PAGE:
Protesters storm Hong Kong legislature building
Wearing hard hats and masks, they smash intolegislative complex during protests on anniversary of Hong Kong's handover
HONG KONG Protesters ran riot in the legislature building yesterday, on the 22nd anniversary of Hong Kong's 1997 return to Chinese rule, smashing paintings, doors and walls amid continuing anger over proposed laws that would allow extraditions to China.
Some carried road signs, others corrugated iron sheets and pieces of scaffolding upstairs and downstairs as about a thousand gathered around the Legislative Council building in the heart of the former British colony's financial district.
A small group of mostly students wearing hard hats and masks used a metal trolley, poles and pieces of scaffolding to charge again and again at the compound's reinforced glass, which finally gave way.
The council, Hong Kong's mini-parliament, issued a red alert ordering the protesters to leave, without saying what would happen if they didn't.
Riot police in helmets and carrying batons fired pepper spray as the standoff continued into the sweltering heat of the evening.
Some demonstrators removed steel bars that were reinforcing parts of the council building.
Protesters shouted for and passed on helmets, cling film, masks and other supplies to protect themselves against helmeted riot police carrying batons and firing pepper spray.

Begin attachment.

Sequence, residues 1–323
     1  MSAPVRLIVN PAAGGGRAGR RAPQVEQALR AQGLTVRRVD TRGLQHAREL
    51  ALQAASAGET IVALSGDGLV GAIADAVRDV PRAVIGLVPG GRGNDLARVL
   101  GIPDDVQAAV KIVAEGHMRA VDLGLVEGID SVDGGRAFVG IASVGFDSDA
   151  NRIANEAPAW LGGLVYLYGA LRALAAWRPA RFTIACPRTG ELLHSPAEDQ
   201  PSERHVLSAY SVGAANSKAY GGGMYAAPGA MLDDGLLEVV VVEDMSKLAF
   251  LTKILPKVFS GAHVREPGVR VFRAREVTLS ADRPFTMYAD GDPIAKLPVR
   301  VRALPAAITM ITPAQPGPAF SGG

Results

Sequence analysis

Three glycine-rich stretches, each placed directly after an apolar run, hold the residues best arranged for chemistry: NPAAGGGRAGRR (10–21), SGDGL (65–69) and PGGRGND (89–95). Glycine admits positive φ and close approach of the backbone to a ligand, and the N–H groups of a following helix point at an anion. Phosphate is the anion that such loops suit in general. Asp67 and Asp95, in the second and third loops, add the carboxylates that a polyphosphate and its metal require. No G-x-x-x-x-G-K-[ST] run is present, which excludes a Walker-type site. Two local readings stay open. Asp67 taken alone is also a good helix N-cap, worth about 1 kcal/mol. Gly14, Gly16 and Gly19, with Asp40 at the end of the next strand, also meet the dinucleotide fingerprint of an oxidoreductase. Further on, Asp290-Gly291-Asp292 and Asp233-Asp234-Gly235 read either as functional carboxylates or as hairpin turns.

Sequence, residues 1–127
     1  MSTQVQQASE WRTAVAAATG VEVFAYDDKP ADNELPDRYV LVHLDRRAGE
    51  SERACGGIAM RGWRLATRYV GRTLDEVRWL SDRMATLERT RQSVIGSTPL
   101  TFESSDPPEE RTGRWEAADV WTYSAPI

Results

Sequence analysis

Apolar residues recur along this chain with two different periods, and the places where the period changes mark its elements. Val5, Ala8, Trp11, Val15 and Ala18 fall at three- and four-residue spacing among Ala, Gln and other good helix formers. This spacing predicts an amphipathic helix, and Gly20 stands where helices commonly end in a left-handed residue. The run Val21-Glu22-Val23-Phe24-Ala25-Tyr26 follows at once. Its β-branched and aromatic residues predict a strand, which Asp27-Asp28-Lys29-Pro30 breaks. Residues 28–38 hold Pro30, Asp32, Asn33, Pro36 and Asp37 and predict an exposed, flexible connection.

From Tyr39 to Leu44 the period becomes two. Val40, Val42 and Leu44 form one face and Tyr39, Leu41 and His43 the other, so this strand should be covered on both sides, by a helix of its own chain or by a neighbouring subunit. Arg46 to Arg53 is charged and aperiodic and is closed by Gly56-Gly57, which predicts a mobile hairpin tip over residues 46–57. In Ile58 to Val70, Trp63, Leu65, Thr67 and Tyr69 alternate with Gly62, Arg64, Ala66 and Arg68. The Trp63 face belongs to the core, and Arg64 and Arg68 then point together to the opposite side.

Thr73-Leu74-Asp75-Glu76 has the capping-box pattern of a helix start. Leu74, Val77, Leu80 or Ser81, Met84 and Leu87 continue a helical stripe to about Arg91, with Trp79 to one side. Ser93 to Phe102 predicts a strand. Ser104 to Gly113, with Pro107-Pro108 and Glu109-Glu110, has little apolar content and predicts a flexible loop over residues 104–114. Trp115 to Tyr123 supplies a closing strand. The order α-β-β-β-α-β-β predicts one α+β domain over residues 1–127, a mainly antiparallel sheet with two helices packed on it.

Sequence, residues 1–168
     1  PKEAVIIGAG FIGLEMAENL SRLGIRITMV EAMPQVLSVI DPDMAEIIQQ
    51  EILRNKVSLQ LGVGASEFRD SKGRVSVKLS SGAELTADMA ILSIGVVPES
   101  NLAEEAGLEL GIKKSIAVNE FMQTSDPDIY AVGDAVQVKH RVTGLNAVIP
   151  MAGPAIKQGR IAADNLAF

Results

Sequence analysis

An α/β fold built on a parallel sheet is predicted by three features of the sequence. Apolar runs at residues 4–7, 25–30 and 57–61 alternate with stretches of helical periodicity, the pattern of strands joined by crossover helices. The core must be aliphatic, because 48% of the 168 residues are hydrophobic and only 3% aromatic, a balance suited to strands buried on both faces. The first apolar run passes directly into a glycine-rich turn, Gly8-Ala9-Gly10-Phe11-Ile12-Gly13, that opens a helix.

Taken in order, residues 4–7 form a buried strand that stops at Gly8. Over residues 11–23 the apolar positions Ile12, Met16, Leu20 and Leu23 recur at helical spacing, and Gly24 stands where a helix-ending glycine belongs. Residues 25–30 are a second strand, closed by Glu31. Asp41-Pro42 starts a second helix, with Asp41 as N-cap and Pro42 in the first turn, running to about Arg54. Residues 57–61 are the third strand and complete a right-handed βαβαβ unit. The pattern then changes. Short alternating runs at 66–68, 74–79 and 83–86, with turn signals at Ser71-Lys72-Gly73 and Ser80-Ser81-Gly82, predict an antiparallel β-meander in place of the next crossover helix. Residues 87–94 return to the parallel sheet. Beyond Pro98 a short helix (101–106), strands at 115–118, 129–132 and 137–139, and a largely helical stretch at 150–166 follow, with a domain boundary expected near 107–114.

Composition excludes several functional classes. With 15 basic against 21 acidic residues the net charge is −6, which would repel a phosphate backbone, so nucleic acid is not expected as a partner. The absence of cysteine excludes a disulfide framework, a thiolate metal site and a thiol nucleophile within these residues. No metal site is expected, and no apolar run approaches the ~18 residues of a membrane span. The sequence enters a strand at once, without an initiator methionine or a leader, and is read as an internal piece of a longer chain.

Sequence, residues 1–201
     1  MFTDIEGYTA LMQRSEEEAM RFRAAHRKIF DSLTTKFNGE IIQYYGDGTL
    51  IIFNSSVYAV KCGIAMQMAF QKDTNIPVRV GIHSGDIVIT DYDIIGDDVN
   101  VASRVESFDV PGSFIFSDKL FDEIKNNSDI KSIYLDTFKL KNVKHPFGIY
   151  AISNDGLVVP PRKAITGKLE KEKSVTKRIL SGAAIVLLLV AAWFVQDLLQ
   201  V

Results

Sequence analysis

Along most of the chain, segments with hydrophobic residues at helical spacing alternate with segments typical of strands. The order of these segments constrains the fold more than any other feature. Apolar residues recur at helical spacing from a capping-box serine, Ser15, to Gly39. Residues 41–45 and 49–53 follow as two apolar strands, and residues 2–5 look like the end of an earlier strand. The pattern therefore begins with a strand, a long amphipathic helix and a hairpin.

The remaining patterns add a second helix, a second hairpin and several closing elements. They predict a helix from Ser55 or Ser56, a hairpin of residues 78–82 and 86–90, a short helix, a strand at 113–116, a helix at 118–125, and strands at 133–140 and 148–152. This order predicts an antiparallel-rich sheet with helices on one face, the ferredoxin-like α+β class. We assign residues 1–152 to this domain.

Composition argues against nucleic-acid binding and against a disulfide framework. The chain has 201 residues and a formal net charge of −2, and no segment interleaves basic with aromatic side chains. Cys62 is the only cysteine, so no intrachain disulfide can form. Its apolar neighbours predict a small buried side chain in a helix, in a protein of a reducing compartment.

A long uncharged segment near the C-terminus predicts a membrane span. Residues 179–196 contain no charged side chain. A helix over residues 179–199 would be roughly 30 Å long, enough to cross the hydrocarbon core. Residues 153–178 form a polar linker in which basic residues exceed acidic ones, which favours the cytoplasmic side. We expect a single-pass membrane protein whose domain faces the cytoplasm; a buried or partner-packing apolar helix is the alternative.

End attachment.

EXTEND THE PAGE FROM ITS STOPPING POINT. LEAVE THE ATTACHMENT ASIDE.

Some with cling film wrapped around their arms to protect their skin against tear gas, paralysed parts of Hong Kong island as they occupied roads after blocking them off with metal barriers. Some built barricades with steel pipes facing outwards like a porcupine on the approach roads to keep the police back, scouring nearby streets for railings.
Hong Kong leader Carrie Lam suspended the extradition bill on June 15 after some of the largest and most violent protests in the city in decades, but stopped short of protesters' demands to scrap it.
"This is the end of Hong Kong. If Carrie Lam continues to be our chief executive, we only see real darkness ahead," said a 60-year-old housewife, who holds a foreign passport. "So we want to fight for the young people."
Tens of thousands marched in temperatures of around 33 deg C from Victoria Park in an annual rally that organisers hoped would get a boost from the anger over the extradition bill.